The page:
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iner. A remainder, it will be remembered, is an estate so limited as to come into effect and enjoyment at the natural expiration of a prior estate, less than a fee. But it is competent to create by devise an estate in one and his heirs, and yet so limit it, that upon the happening of some condition or contingent event, his estate shall cease and go over to another. Now the first cannot be a particular estate, for it is in its terms a fee, and if the condition or event do not happen, it will forever remain a fee. The second cannot be a remainder, because it is to take effect, not at the natural determination of the first, for that being a fee, such a determination could never happen, but it comes in and destroys or defeats the first estate before its natural expiration, and becomes substituted in the place of the other. Nor is there a conditional estate at common law in the first taker, for if there was, no one but the heirs or devisees of the devisor could take advantage of it, and then only by regaining the original estate by entry, which would not go over to the second devisee named, but remain in the original owner or his heirs. The courts therefore hold, that though an estate thus limited cannot take effect as a remainder, it shall be held by the first taker as a conditional limitation, that is, his estate though nominally a fee, is limited in its duration by the happening of the condition or contingent event; that as soon as that happens, if at all, his estate ceases, and then the residue of the fee passes like a remainder over to the devisee, who, by the devise, is to take upon the happening of such event. This, however, is rather by way of explaining, for the present, wherein such a limitation differs from a remainder, than to enter into any detail of the rules of law applicable to conditional limitations. And it may be remarked, though hereafter to be repeated, that a limitation is never construed as an executory devise, when it is capable of taking effect as a remainder, nor is a remainder ever deemed to be a contingent one, when it can be construed to be vested, within the intention of the one who creates it.2

1 Fearne, Cont. Rem. 3, 407, and Butler's note, 10; Watk. Con v. 179, Coventry's note, 204 ; Proprs. Brattle Sq. Church v. Grant, 3 Gray, 149; Watk. Descent, 2d ed. 248; 2 Cruise, Dig. 238; 1 Prest. Est. 91 ; Cogan v. Cogan, Cro. Eliz. 360 ; Pells v. Brown, Cro. Jac. 590; 2 Fearne, Cont. Rem. Smith's ed. 158–160. See post, Sect. 7, pl. 2.

2 Blanchard v. Blanchard, 1 Allen, 225 ; Johnson v. Valentine, 4 Sandf. 36; Man. derson v. Lukens, 23 Penn. St. 31 ; Doe v. Selby, 2 B. & C. 930 ; Leslie v. Marshall, 31 Barb. 566 ; post, p. *251.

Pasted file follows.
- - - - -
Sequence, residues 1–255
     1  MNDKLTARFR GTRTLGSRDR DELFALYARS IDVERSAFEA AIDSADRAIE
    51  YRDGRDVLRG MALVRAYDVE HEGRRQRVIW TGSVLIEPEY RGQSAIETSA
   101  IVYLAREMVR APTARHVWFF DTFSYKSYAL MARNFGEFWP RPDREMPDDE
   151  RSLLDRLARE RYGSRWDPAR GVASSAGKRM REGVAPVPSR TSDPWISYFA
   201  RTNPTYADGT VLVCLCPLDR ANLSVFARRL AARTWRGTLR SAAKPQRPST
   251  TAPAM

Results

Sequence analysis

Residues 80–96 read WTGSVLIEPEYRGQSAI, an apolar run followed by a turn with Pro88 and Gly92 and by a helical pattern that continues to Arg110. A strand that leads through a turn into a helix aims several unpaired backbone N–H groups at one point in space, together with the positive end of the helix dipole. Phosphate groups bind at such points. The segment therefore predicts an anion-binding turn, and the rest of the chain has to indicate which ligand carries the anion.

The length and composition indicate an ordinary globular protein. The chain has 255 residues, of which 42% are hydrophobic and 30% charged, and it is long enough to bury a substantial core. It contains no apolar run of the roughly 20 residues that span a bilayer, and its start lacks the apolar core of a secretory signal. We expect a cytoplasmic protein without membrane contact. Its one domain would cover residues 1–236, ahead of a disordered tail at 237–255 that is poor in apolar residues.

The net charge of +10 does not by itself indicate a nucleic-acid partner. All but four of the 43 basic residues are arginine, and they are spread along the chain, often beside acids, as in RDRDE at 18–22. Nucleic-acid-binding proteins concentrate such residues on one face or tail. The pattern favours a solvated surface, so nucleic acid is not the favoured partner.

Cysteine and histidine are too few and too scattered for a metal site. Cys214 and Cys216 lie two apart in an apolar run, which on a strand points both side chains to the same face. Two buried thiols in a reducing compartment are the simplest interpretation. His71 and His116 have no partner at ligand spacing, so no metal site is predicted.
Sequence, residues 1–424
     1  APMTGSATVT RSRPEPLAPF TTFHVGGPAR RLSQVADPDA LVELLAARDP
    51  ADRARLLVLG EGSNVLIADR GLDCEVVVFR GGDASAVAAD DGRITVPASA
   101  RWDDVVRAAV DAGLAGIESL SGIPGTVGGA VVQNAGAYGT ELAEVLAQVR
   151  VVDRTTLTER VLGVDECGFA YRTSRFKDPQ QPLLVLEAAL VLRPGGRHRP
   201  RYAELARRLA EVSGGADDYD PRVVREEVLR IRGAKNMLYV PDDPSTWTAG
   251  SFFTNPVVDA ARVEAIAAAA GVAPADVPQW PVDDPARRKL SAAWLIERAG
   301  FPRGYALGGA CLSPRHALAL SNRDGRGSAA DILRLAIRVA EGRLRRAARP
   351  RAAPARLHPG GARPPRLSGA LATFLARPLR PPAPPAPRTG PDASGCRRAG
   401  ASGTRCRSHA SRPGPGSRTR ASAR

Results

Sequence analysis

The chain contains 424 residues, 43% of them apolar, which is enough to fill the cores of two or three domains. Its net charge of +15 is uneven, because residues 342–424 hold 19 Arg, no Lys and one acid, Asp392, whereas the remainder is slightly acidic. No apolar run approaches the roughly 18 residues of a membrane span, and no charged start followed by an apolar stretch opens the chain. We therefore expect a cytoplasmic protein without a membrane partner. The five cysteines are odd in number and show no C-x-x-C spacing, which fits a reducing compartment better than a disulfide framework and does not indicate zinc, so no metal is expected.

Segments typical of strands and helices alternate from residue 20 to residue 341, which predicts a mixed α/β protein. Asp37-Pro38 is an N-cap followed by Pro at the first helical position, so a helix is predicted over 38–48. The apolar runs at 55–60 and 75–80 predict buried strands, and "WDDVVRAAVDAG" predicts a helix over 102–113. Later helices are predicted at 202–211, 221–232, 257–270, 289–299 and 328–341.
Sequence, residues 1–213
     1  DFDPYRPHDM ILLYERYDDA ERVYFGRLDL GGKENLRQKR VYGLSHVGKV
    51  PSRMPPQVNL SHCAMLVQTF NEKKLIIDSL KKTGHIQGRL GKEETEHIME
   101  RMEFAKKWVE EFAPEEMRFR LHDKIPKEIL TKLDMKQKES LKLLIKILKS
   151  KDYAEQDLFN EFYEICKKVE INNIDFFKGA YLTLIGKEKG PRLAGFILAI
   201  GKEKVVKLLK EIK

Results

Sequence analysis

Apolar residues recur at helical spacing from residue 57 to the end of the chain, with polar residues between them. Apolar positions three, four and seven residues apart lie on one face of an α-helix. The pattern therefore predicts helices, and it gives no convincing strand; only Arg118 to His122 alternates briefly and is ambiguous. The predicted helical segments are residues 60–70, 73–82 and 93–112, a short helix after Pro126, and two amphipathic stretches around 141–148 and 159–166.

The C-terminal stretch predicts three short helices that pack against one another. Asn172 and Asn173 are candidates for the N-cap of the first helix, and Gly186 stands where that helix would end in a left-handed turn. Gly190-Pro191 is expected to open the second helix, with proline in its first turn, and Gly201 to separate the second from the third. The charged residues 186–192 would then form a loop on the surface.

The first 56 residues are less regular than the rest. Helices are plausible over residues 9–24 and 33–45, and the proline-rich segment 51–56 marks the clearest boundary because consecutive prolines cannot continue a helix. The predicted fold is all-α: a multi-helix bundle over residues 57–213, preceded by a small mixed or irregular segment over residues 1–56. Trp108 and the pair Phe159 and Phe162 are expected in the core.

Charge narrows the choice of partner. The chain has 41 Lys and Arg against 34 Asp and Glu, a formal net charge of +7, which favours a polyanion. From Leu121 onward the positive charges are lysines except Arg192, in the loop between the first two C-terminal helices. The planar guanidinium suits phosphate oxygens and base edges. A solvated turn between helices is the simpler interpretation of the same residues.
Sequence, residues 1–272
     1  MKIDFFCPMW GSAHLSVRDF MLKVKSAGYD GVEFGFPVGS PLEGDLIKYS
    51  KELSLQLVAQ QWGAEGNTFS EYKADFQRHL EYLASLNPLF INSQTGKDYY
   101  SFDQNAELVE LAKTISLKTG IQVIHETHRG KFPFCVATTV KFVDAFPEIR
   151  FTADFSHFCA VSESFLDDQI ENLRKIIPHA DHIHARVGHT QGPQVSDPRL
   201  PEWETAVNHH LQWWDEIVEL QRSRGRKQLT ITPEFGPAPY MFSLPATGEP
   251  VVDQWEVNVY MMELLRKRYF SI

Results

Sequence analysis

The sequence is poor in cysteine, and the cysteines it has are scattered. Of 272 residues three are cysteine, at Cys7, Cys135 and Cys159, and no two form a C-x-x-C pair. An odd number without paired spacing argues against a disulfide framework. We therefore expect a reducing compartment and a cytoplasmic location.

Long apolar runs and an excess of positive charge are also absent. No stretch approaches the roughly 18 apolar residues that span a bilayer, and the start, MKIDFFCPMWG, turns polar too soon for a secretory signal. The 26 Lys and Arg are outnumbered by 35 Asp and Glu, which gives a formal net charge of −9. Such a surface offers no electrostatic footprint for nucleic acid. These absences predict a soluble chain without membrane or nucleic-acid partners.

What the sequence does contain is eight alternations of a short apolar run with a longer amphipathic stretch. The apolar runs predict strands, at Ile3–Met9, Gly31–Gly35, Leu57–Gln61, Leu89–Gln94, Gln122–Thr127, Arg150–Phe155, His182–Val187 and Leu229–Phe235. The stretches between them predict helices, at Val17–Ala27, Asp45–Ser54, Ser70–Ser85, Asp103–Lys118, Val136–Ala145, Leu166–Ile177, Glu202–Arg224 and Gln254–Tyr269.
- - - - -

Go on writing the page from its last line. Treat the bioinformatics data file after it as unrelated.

*13. The effect of the foregoing doctrine would be, that [*227] had estates tail remained as they were at common law, there could never be a remainder limited upon the failure of issue in the tenant in tail. Such estates were deemed conditional fees determinable only upon the donee's dying without issue. But since the statute de donis turned the estate of the tenant in tail theoretically into an estate for life, which is certain to have a natural termination at his death, it is entirely compatible with the rules of law to limit a remainder after his death, to take effect if he dies without issue. And the English cases to this effect will be found to be very numerous and common.1

14. The term Remainder, it should be observed, is not one of art, which it is necessary to employ in creating an estate in expectancy, such as has been described. Any form of expression indicating the intention of the grantor or devisor to do this, would be sufficient.2

15. It should be remembered, too, that no degree of uncertainty as to the remainder-man's ever enjoying the estate which is limited to him by way of remainder, will render such remainder a contingent one, provided he has, by such limitation, a present absolute right to have the estate, the instant the prior estate shall determine. Thus if, for illustration, an estate is given to A for years, remainder to B for years or life, remainder to C for life, each of these persons being alive and having a perfect right to the land in the order named, B or C, for instance, being only postponed in the enjoyment of his estate till the preceding tenant's term or life shall end, they have each of them a vested remainder. And yet C may die before B's estate, or B before A's estate shall be determined, so that neither may ever, in fact, enjoy any benefit or estate whatever in the *land. On the other hand, had the estate to C been [*228] in fee instead of for life, though he might not have lived to enjoy it, it would descend to his heirs, who would take in his place ; or whether in fee or for a less estate, he might have conveyed it in